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Borne to Columbine

Photograph by Richard Byrd

My parents are both from South Dakota. I was born in eastern Montana in 1941 and grew up through the 40s always moving west through that wild-horse country, then through the 50s and bucking birth of rock-and-roll in the horse-plowed farmland of the great Spokane River Valley in Washington. My people, like most, read Life, Look, Saturday Evening Post, and Readers Digest, so that's what I read, along with comic books, especially The Lone Ranger. My mom's wilder sister was an artist. So as a child I made my mark sketching, painting, and sculpting.

The summer I turned twelve, I got my sisters, a couple of the Zolman brothers, and a swimming pool pal to present a Sunday afternoon festival of farces with me. I wrote all the scenarios and directed my sidekicks through relentless rehearsals. We even made bags of popcorn and a big jug of grape Kool-Aid to sell to our living room crowded with neighbors, parents, grandparents, and cousins. At the door my sister too small to memorize lines sold tickets we had printed with that swimming pal's rubber stamp kit, a wooden block with four slots you could wedge wiggly letters into with tweezers. I was so taken, I traded something for that kit, and began printing a one-page weekly newspaper four-lines-at-a-time and knocking on doors. "Want to buy a penny paper?"

By sophomore year at big old brick West Valley High School, I had gone through stamp kit, two little rotary presses, a year of my Weekly Breeze, a summer of my Tri-Monthly News, a year of my national rag for other kids like me, The Printer, and moved on to writing science fiction short stories. That's when my English teacher, a classroom buddy, and I started the first-ever literary magazine at the school—Eagle Echoes—still thriving now fifty years later. The night before our debut issue, a staffer suddenly cried out that page 3 was 13 lines short. Someone had miscounted the mimeo mock-up, it was 11th hour, and the editorial room plunged into panic. I blurted, "I'll write a poem!" A few months later, I was publishing poems, stories, and artwork in Altissimo Catamount, the same national magazine in which schoolboy Roger Ebert was publishing sci-fi criticism and young Clarence Major—now a top American black novelist—publishing poems.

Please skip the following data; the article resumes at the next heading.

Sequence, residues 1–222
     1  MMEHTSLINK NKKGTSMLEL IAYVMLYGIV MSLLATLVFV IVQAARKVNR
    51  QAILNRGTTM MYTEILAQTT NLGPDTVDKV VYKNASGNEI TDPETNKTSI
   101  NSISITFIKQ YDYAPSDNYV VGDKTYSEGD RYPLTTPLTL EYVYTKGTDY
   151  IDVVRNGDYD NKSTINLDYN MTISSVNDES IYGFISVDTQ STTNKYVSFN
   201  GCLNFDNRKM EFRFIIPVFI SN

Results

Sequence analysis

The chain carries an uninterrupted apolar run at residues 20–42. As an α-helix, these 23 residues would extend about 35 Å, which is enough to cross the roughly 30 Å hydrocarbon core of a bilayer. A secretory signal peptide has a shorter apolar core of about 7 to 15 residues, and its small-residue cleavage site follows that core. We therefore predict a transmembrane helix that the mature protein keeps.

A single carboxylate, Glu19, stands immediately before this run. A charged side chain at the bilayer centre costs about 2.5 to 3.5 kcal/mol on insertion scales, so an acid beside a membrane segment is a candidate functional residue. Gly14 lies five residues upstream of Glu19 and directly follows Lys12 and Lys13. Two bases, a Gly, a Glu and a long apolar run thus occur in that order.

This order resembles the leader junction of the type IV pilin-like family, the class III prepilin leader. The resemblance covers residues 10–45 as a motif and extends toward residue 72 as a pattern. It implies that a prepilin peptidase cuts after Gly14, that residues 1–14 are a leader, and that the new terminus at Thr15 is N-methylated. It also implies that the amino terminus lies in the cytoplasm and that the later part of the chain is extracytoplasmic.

I continued painting and poetry through college, left sci-fi and stories behind, and finally—after a huge visionary catharsis of sobbing, laughing, and coughing—mathematics and physics too. As a teaching assistant M.A. candidate in English at Washington State University, just married, I was well liked but had this one rudely disrupting charge who kept infuriating his classmates and ruining my presentations. One night after dinner chat with my newly impregnated wife, I opened a knock on the door to see my big problem standing there. "You want to start a mimeo mag?" I wasn't sure what he meant but let him in as my chance to connect. As fast friends we published five years of an influential international literary magazine under our banner Salted Feathers, including a double issue of a coterie of Bengalis arrested in Calcutta, charged with publishing "pornography," such as the poem "Stark Electric Jesus" by their leader Malay Roy Choudhury.

After two children, divorce, just a few years in front of English and writing students, having achieved an Assistant Professor promotion and tenure early, I walked into the department office to resign. When the chairman handed me the required form, "Note to the Institution," I took it home and filled it out as a poem. This spring 1970 manifesto—penned and passed out during a nation-wide Strike as the war machine moved to quash dissident youngsters and faculty actively opposing U.S. military aggression in Indochina and Kent State to Jackson State—got picked up by the underground press network, heralded far and wide, published I don't know where all.

Then—after a quarter century as fully committed poet—I was invited to write a weekly poetry column way down on the Mexican border for our brand new Bisbee News in Arizona. To further my writing skills, exercise my vision, and make extra dollars, I began publishing occasional, controversial social commentary in that paper: a three-part piece during the Clinton impeachment proceedings, volatile views on O.J. Simpson and JonBennet Ramsey murder cases, and a severe yuletide defamation of Santa Claus. It was during this five-year run of the Bisbee News that I created my four-part penetration of the April 20, 1999, Columbine High School massacre, just two months after it happened. For four or five years I continued to research our ongoing shocking national phenomenon of rampage shootings, gradually revising and adding key details to my essay—such as that the news of Custer's utter demise reached Helena, and thus the rest of the United States, during the wildly exuberant joy of 4th of July celebrations of our Centennial!

Now, almost exactly eight years later, we are lost in new shock of the April 16, 2007, Virginia Tech massacre, and Gary David has asked to publish—first time anywhere in its full revised version—my essay on Columbine and the rampage phenomenon, in his Island Hills online chapbook series. I have thought long and hard while re-reading my essay a couple times—and do not discover anything new that I need to add to it. That is, this essay is my full comment on Columbine, Virginia Tech, and everything before and between. I wept during these re-readings.

Dick Bakken, Sunday May 6, 2007

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